Making a Spectacle


The spectacle-making machinery at the Algha Spectacle Works in London's East End was imported from Germany in 1932 by proprietor Max Wiseman. He also imported the German staff to get the business off to a flying start. There's German efficiency. The machinery is still in operation and the company is still creating classic styles of spectacles with acetate and rolled gold frames in London.

Made in London since 1932
Algha's Round Eye was made famous by John Lennon, I think. He certainly wore round frames. And I'm sure he would have been happy to wear these exquisitely fine 'rounders'.


Algha sell their spectacles direct through the trade name Savile Row Eyewear.  The prices appear to be in dollars from this site. It seems like our American cousins are doing their bit in supporting this important British institution.

Encouragingly, also, the Algha for Cubitts Gold frame is available to order through Cubitts St James's. Cubitts say: 'Using Algha's classic archive of shapes each frame goes through over 120 meticulous processes to produce the finished article. Choose from 89,000 combinations - with multiple eye shapes, bridge types and temples, with an optional filigree or Windsor Rim.'







Savile Row Eyewear have two main collections: Classic and Combination. Classic has the rolled gold frames and Combination has frames made from acetate, rolled gold or a combination of both. The Combination collection is then split between Modern and Contemporary ranges, which sound like the same thing though the models are different.


Let's select a few frames for you.
Accessorise with a bullwhip
The Beaufort Panto frame was worn by Indiana Jones. The frame is made from rolled gold finished in 18Kt gold or rhodium, with a slim acetate cover around the heart-shaped lenses. The frames are notable for their cable temples that wrap around the ear. The go-to choice for an archaeological dig that will have lots of dramatic twists. Accessorise with a bullwhip. If it's a sunny destination, Savile Row Eyewear also supply sun-clips for the Beaufort Panto. This is good. I've got an inordinate amount of use out of the clips I bought for my Tom Ripley glasses.




Swapping Lies
From the Modern collection, we have the Drury. With its theatrical name, wouldn't it be nice to wear this frame for a performance at the Theatre Royal in London's Drury Lane? The theatre site has been visited by every British monarch since the Restoration. I had a look at the current shows, but there's absolutely nothing I would recommend. Nothing. Certainly no Restoration comedies or anything to get your teeth into. Sheridan's The School for Scandal was first performed at Drury Lane, so let's wait for a revival to enjoy those splendid characters 'swapping lies'.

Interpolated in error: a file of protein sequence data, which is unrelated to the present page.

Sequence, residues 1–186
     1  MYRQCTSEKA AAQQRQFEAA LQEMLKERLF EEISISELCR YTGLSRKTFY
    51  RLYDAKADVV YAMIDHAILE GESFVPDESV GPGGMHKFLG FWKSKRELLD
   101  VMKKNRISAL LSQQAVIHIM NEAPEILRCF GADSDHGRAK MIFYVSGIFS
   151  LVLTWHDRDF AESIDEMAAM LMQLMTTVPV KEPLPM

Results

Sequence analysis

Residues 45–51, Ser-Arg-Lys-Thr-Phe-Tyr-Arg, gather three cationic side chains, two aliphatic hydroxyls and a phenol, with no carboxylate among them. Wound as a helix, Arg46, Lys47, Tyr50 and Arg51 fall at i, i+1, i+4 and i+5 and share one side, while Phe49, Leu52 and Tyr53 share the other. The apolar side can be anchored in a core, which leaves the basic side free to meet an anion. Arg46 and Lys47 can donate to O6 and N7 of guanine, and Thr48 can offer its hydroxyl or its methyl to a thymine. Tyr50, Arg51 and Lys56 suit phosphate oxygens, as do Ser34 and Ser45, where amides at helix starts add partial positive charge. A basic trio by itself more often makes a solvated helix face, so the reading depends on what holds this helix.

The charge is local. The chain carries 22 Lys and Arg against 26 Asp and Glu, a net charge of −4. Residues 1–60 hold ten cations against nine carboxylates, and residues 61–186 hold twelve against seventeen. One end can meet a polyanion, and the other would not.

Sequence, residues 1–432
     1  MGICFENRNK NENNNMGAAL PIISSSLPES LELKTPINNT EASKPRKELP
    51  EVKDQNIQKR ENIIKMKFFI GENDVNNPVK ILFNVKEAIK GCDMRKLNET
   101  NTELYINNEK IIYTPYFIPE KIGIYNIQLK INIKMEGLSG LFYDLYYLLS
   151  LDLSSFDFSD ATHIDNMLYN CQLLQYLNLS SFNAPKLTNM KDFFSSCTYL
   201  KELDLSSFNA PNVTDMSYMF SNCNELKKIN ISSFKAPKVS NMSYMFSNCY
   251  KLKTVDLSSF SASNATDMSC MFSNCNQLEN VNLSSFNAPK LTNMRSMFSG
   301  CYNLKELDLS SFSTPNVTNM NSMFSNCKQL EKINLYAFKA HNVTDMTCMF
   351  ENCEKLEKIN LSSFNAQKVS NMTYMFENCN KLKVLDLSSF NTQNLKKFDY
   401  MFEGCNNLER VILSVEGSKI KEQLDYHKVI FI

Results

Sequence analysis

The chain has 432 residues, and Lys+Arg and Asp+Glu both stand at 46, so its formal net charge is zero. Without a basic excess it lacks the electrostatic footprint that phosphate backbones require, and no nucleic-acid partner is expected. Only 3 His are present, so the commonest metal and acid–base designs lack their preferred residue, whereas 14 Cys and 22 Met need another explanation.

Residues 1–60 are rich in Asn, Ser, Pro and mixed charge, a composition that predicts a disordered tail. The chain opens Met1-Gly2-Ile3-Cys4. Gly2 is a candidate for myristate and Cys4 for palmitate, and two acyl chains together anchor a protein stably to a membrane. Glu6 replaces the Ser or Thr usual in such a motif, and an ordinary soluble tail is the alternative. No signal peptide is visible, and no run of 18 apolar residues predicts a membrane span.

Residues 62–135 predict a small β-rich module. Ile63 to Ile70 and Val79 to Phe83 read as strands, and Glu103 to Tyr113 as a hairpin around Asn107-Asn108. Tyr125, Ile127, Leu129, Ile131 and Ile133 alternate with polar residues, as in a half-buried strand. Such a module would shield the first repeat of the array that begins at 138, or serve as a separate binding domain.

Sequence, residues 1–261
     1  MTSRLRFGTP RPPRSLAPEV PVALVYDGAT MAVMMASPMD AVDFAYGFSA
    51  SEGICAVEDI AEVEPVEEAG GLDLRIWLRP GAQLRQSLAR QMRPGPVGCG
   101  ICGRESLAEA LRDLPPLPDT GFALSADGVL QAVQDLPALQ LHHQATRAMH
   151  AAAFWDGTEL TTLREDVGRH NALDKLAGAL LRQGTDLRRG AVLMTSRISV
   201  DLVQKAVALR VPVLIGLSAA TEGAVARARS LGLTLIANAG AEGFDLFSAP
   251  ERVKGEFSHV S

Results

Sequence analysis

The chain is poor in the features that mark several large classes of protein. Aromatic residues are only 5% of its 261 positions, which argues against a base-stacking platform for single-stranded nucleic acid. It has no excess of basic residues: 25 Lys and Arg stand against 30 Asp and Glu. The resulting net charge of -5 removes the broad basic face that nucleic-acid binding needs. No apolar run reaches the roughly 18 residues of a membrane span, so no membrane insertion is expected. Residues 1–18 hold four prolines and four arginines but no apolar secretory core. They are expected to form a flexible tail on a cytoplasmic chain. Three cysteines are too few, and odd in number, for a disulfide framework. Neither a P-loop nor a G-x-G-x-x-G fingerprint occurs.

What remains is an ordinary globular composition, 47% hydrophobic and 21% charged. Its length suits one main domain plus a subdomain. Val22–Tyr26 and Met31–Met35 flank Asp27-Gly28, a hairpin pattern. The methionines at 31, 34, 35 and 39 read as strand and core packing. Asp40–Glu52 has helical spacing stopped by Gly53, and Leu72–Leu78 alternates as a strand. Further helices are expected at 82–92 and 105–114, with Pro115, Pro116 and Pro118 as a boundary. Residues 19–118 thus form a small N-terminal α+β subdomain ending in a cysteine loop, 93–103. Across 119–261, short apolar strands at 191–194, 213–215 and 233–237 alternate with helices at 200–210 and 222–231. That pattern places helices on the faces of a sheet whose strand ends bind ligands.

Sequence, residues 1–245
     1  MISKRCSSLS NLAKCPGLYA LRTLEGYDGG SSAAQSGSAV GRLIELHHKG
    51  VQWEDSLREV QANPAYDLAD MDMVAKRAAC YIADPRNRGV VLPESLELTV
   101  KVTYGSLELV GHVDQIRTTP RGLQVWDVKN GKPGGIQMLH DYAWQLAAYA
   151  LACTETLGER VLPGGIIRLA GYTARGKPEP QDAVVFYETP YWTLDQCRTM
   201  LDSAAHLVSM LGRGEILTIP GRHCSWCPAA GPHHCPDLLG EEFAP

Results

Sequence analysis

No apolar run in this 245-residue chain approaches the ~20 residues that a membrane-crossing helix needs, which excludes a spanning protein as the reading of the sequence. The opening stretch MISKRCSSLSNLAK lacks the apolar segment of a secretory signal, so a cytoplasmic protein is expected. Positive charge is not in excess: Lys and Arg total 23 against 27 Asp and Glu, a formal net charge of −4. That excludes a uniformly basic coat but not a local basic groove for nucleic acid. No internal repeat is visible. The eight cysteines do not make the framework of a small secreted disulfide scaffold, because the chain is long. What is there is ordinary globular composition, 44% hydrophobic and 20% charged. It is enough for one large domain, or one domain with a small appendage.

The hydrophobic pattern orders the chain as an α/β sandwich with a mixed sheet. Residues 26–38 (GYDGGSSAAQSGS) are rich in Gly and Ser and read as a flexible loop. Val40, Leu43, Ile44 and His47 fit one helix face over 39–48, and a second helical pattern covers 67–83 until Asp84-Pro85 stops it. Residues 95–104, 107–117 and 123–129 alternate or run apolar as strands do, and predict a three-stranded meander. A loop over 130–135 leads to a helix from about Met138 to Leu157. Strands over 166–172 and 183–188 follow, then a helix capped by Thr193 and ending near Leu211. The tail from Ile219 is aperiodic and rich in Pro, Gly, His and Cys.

Enjoy with half a mild
Finally, we have the Kings, made in a choice of acetate colours with gold temples. A good all-rounder and a frame you might consider wearing for a lunchtime half of mild in The Mayflower in Rotherhithe. As the pub is licensed to sell US stamps, why not write a postcard to someone over the pond? Tell them about your new spectacles.


Our anaemic capital
Beautiful spectacles, I'm sure you will agree, and made by a company with a great design history and manufacturing heritage. But a fly has recently dive-bombed straight into the old ointment. Talk is afoot that the factory is under threat from closure. London developers are conspiring to suck a little more lifeblood out of our anaemic capital. The 1920s factory building is under threat of closure. It might be turned into a 'luxury residence' — yet another vehicle for overseas 'investors' to disperse their loot. If you value well-made spectacles and not making London a complete playground for speculators, you can object here

Spread the word. The more we can support the Algha Works, the more chance it has of retaining the skills and machinery to produce the high quality specs we appreciate.

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